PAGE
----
Voisin

French brothers Gabriel and Charles Voisin established Europe’s first successful aeroplane manufacturing company in 1906.  In its early years, the company built a combination of its own designs and made-to-order planes for others’ plans.  During World War I, Voisin produced military aircraft, primarily observation planes for the French air force.  Charles Voisin (b. 1882) died in a car accident in 1912, leaving Gabriel (1880-1973) to carry on the business.  In 1918, after the close of World War I, Voisin abandoned aeronautics for automobile manufacture, and built beautiful cars (now prized by collectors) until World War II.

Only a handful of original Voisins exist and they are not very popular with replica builders, so the different types are presented below rather than giving each type its own gallery.

1907 Voisin-Farman replica

Aviator Henri Farman, later to become an aircraft designer in his own right, was an early Voisin customer.  He commissioned Voisin to build an aircraft capable of flying for 1 kilometre, which Farman achieved in the plane in January 1908.  This machine is a replica, but a historic artifact in its own right, because it was built for France’s Musee de l’Air (today’s Musee Air et Espace) in 1919!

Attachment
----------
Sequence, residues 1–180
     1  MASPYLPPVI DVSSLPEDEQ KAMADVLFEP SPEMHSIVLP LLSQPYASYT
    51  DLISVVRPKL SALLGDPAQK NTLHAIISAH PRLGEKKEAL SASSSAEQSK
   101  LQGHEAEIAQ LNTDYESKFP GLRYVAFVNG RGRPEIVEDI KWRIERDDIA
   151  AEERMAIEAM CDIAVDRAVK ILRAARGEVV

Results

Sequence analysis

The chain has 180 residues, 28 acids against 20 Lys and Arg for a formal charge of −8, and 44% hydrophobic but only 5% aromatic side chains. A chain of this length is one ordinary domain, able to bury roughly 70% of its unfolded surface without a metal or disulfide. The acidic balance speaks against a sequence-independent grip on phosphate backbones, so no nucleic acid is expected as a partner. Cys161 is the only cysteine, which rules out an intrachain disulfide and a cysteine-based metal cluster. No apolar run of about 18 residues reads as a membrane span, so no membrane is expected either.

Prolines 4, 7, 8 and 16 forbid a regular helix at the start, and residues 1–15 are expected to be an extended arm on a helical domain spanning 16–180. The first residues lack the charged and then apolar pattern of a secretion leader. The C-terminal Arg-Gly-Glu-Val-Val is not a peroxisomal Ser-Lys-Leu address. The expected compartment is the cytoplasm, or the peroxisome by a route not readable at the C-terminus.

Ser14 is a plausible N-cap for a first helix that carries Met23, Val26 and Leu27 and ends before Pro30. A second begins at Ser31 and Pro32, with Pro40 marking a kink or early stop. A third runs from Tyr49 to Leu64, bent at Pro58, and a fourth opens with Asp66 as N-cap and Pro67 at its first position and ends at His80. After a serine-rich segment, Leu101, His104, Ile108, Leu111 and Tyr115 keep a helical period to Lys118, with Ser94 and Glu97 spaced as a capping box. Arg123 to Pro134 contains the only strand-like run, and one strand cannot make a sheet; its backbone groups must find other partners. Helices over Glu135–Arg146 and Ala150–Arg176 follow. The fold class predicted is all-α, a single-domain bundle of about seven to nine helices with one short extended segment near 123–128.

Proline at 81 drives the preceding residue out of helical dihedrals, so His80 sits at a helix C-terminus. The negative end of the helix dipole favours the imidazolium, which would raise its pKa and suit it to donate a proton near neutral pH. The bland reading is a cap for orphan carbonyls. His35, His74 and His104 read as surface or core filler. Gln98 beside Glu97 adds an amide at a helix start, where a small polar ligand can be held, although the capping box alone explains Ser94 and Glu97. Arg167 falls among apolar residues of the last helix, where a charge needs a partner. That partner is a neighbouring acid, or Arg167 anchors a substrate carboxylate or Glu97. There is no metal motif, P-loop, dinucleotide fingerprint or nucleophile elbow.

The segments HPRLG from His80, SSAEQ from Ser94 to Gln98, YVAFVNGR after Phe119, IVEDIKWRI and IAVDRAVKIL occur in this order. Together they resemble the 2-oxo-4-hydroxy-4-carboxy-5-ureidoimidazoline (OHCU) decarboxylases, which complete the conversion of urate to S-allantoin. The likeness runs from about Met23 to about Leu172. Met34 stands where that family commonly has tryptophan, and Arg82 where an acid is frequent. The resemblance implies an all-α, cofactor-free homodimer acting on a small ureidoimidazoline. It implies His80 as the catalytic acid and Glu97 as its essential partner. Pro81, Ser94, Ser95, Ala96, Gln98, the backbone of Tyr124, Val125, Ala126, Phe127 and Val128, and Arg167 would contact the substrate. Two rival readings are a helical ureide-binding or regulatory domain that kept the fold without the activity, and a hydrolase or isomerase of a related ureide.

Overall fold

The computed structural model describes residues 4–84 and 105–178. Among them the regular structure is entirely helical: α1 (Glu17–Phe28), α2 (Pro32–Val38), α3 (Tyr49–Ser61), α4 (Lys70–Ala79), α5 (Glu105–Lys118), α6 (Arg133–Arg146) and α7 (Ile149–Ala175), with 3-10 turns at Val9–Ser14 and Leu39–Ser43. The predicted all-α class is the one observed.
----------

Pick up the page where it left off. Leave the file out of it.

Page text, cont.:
Rinek-Voisin N38933

Aeroplane designers and builders freely copied and adapted each other’s designs in the early years of aviation.  In America, aeronautical experimenters often cloned European designs.  This aircraft, built in 1908 by Norvin Rinek of Virginia, was a copy of the 1907 Voisin-Delagrange biplane which achieved a successful 200-foot flight in March 1907.  Rinek substituted his own engine and a frame made of metal instead of wood.  Reportedly the aircraft flew several times before 1910, then was stored until Old Rhinebeck Aerodrome obtained it and restored it in the early 1970s.  It is a very valuable piece of early U.S. aviation history.

Voisin V

During World War I, Voisin built bombers and observation aircraft.  The standard configuration for these large planes consisted of long biplane wings, a small fuselage pod containing the cockpits and a pusher engine at the rear, and boom-mounted tail surfaces.  The Musee Air et Espace displays a 1915 Voisin V, also known as the Voisin L.A.S. 

Voisin VIII 4640

The National Air & Space Museum has one of the few Voisins that remain.  The Type VIII, although it entered service in 1916, was only slightly developed from the seminal Voisin III of the first year of the war.  A total of 1,100 type VIIIs was produced, and this sole survivor, built in February 1916, was configured as a night bomber.  Acquired by the United States in 1917 for technical evaluation, it was passed to the Smithsonian in late 1918, before World War I was even over.  The NASM claims that this plane is “the oldest surviving aircraft that was specifically designed as a bomber.”  It is painted in the colors of French bombing squadron VB 109.